As a long time technology enthusiast I have had the pleasure of talking to peers in various industries. I have spent most of my career working in Telecommunications, but the lines have always been a bit blurred. When I entered the work force in 1981 there were not enough technology workers to go around so it was quite common to have graduate engineers from other engineering disciplines writing software right beside me. The average age of the workforce at Mitel in 1981 was 22 and life was good. Some of the best software designers that I have every worked with were chemical engineering and physics graduates.
We still see graduates from other engineering disciplines crossing over to software development, but it has become more the exception than the rule. Within the software development industry we are starting to see some stratification caused by industry specific requirements. Gaming, Telecom, Embedded systems and several other verticals tend to look for specific types of developers based on everything from salary requirements to game play experience.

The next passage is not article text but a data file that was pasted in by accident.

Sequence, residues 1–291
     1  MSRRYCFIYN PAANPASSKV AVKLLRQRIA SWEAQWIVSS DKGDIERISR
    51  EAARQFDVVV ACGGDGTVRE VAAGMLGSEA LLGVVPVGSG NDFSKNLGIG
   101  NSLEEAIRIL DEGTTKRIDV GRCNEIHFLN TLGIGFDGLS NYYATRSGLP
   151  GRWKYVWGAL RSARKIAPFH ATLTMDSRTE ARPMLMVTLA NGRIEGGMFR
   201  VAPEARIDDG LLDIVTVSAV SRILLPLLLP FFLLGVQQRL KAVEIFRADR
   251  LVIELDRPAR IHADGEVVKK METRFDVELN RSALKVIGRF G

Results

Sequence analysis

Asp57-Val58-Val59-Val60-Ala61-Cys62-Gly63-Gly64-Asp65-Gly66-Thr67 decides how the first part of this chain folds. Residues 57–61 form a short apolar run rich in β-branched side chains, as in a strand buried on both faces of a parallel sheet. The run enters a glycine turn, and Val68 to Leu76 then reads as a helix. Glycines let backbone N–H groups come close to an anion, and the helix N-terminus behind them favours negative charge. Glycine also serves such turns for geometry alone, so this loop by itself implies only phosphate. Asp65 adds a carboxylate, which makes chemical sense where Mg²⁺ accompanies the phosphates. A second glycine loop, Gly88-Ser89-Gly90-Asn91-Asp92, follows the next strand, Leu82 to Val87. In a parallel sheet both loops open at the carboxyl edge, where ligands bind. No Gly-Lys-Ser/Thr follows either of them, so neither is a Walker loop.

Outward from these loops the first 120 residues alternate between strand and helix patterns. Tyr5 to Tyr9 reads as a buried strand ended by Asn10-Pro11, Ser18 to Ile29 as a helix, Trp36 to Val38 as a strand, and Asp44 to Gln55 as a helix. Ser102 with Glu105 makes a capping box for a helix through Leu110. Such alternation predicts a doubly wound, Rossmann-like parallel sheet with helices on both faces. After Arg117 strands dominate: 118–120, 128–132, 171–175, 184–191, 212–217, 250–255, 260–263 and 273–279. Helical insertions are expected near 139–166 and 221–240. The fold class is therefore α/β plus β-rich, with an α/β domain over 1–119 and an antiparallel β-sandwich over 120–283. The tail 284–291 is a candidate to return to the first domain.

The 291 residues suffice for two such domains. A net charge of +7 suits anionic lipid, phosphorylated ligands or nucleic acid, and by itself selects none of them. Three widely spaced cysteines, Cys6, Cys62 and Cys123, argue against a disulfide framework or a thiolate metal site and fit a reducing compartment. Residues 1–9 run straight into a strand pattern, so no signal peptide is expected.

When I am building a team I tend to look for technology enthusiasts. People who love what they are doing and like to have fun. These type of people can rise to any challenge and are generally willing to put in the extra time required to get up to speed. What this means is that direct industry experience is not as important as a desire to learn. These people are hard to find, but they do exist so once you find them, never let them go.
The last company I worked at had an individual that needed to move to another country for a while to take care of his parents. We set up a remote office there so that we could continue to benefit from his contributions. That is the kind of thing you should be prepared to do!
Technical skills do cross industry boundaries, so I encourage you to look for the people first and the skills second.